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MISO warns of potential winter capacity shortfalls, tight US coal supplies


US EIA projects shrinking coal inventories

PRB coal hits 20-year record high price

PJM rule aims to help coal plants resupply

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  • Kate Winston    Morgan Snook
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  • Richard Rubin
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Midcontinent Independent System Operator is warning that it could face capacity shortfalls in January if there is high demand and high generation outages, while also raising concerns that generators across the Eastern US could have a hard time getting coal this winter.

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High gas prices are pushing coal plants to run more often, and some power plants are struggling to maintain their coal inventories heading into winter. Tight coal supplies and increased coal prices will be felt particularly in MISO, which is the country's largest coal-burning region.

But it is not just MISO, the entire eastern interconnection is starting to talk about coal availability, J.T. Smith, senior director of MISO operations, said Oct. 26 at MISO's winter readiness workshop. "It is starting to be a concern and I think folks are starting to take action on that," Smith said.

Coal constraints

Pre-winter coal inventories in the US are roughly 30% lower this season compared to last, according to stockpile estimates by S&P Global Platts Analytics. MISO primarily burns Powder River Basin coal, which hit a 20-year record high price on Oct. 26.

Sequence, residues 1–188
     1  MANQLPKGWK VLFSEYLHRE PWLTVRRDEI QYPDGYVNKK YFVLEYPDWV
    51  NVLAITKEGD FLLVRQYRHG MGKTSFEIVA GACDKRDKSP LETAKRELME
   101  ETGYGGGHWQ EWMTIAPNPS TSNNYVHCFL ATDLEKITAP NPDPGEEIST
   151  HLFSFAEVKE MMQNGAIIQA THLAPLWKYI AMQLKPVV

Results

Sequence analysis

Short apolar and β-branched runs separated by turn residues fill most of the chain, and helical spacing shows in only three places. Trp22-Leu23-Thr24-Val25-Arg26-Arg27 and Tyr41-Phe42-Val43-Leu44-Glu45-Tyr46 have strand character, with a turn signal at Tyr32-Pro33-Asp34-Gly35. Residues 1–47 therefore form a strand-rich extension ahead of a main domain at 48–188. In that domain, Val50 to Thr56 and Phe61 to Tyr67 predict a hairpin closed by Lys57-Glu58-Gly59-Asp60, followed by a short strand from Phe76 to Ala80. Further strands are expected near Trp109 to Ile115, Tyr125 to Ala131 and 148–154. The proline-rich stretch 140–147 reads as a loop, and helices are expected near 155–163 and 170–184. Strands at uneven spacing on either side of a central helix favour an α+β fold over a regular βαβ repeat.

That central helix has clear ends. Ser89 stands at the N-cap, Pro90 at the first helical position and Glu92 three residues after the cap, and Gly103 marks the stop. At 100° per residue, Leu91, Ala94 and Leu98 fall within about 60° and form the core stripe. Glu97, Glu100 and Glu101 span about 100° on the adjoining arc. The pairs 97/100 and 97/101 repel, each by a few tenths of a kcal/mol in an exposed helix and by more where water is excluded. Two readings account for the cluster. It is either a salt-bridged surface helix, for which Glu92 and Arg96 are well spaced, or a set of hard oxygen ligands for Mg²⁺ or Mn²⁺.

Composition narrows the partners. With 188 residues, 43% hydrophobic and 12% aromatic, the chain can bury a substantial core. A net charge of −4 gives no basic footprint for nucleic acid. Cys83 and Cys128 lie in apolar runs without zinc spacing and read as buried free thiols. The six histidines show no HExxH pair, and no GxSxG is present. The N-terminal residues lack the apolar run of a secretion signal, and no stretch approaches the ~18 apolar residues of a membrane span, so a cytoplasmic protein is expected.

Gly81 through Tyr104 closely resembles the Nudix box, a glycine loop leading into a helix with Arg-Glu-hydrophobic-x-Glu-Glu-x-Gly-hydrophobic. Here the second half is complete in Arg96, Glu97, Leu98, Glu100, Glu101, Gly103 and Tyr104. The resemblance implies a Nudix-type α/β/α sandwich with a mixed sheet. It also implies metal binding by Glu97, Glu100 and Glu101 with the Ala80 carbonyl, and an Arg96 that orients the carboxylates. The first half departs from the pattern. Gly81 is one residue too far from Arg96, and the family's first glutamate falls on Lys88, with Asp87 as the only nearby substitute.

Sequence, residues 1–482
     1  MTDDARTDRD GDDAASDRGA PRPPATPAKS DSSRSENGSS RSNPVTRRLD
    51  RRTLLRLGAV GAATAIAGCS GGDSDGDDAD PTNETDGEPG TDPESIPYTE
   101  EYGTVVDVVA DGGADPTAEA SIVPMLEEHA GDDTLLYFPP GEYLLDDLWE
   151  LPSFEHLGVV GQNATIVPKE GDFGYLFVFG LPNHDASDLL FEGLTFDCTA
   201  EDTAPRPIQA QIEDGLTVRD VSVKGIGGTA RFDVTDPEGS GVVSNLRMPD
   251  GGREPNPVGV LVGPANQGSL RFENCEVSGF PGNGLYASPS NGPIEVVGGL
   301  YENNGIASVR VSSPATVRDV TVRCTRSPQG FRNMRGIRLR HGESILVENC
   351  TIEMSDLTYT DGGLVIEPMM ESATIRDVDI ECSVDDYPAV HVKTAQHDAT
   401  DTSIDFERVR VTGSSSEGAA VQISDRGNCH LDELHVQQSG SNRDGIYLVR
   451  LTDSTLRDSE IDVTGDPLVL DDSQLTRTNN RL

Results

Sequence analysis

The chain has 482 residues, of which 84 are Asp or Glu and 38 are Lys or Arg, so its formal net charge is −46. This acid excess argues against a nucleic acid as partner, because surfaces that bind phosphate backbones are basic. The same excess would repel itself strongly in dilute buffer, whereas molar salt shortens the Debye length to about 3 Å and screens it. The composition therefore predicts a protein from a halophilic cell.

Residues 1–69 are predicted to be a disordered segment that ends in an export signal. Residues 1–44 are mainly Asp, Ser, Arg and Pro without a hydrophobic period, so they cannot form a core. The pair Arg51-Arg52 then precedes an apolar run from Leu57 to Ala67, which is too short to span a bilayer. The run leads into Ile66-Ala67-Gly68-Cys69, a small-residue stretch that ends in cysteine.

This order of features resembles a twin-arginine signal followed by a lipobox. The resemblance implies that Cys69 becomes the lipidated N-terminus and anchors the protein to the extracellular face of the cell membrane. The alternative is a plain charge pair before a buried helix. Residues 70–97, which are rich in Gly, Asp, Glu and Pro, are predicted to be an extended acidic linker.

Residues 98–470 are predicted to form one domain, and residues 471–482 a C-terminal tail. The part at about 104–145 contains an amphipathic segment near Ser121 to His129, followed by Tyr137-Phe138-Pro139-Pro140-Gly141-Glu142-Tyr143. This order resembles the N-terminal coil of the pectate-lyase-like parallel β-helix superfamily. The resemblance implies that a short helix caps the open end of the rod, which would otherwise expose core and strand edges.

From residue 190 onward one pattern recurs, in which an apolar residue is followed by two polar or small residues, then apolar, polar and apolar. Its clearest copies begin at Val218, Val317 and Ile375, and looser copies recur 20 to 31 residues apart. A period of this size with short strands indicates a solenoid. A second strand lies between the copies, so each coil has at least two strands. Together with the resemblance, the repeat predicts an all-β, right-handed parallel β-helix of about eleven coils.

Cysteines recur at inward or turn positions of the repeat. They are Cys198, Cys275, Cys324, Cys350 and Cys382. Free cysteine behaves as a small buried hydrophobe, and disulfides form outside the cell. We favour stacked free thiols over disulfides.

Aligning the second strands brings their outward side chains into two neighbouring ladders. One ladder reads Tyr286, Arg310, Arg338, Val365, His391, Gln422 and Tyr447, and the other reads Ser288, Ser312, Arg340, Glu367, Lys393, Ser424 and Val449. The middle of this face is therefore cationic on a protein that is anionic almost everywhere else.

"Producers have talked to buyers and yes there is coal for them under RFPs to some extent but we're seeing a little higher push than we usually do," Daniel Vaughn, principal at Coaldesk, said of the spot coal market. "I'm not sure there's enough coal. I don't want to sound doom and gloom but it is tight."

S&P Global Platts on Oct. 27 assessed December-delivered PRB 8,800 Btu/lb coal at $35/st, based on an indication of value at $33/st, matching the Oct. 26 record for the highest price since the assessment began Jan. 5, 2001.

"There's essentially no coal in the Eastern market and very limited high heat coal in the PRB market, so where do you draw the line?" Vaughn said. When asked if US spot coal supplies were likely to improve in November, he said, "Oh no. It won't look better until January of 2023."

MISO generator owners have indicated potential issues with coal supply and transportation because there is no excess capacity to meet increased demand, said Brandon Morris, a MISO spokesperson. "MISO if focused on situational awareness for ourselves and our members in order to maintain reliability of the system," he said.

MISO winter forecast

Under typical demand and outage scenarios, MISO is projecting there will be adequate firm resources to meet demand this winter, according to an Oct. 26 MISO presentation. But if there is high demand and high outages, there could be operational issues in January, the presentation said.

When MISO reduces the projected availability of load modifying resources in line with last year's performance, MISO could have even more challenges in January, even after accounting for the potential extra wind generation that emerges in winter, according to the presentation.

Meanwhile, PJM Interconnection started looking into the coal supply issue in August, Mike Bryson, senior vice president for operations in PJM, said in an interview. At that time, power plant owners raised concern about the supplies of chemicals they use to manage emissions, and PJM discovered generators were worried about coal supplies as well, he said.